Mycenae © David Gill
Mycenae © David Gill

The Late Bronze Age of Mycenae evokes images of the Homeric past of Greece. This was the reputed base of Agamemnon, and it was here that Heinrich Schliemann came to excavate.

The Lion Gate © David Gill
The Lion Gate © David Gill

The site includes the massive Cyclopean walls pierced by the ‘Lion Gate’, as well as the shaft graves and tholos tombs. The Late Bronze palace was found in the upper part of the acropolis. A ‘sanctuary’ site just inside the walls was found to contain blue faience plaques of the Egyptian pharaoh Amenhotep III.

Tholos tomb at Mycenae © David Gill
Tholos tomb at Mycenae © David Gill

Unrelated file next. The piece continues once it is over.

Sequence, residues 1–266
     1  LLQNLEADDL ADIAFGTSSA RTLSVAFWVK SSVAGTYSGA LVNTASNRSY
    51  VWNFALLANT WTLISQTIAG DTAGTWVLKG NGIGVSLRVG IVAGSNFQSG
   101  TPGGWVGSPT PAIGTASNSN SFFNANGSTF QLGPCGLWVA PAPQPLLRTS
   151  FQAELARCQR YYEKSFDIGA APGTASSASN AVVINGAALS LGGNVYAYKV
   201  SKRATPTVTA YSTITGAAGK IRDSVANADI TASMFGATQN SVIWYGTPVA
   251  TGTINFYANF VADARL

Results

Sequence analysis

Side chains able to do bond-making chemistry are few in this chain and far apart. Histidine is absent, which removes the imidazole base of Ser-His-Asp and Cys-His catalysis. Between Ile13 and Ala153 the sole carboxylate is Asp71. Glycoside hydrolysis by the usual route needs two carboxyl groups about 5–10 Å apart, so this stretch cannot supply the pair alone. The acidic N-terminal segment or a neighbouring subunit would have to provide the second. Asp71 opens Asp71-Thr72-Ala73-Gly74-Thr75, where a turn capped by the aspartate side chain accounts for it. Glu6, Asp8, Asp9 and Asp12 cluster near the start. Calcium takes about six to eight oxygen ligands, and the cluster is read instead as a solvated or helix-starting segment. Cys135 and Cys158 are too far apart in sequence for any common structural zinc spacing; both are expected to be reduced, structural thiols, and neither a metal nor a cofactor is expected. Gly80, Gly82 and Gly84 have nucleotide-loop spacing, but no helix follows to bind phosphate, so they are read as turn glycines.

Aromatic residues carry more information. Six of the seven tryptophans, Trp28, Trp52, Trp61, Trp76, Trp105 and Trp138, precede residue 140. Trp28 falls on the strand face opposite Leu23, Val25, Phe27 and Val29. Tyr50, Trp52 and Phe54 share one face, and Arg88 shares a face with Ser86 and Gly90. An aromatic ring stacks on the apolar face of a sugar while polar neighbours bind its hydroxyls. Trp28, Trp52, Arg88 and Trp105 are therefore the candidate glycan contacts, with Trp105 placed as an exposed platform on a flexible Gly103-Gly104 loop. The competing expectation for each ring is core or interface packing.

The site of Mycenae, along with the neighbouring Tiryns, forms part of the World Heritage Site (inscribed 1999).

The archaeological sites of Mycenae and Tiryns are the imposing ruins of the two greatest cities of the Mycenaean civilization, which dominated the eastern Mediterranean world from the 15th to the 12th century B.C. and played a vital role in the development of classical Greek culture. These two cities are indissolubly linked to the Homeric epics, the Iliad and the Odyssey , which have influenced European art and literature for more than three millennia.

Author: David Gill

David Gill is Honorary Professor in the Centre for Heritage at the University of Kent, and Honorary Research Fellow in the School of History and an Academic Associate in SISJAC at UEA; Professor of Archaeological Heritage.

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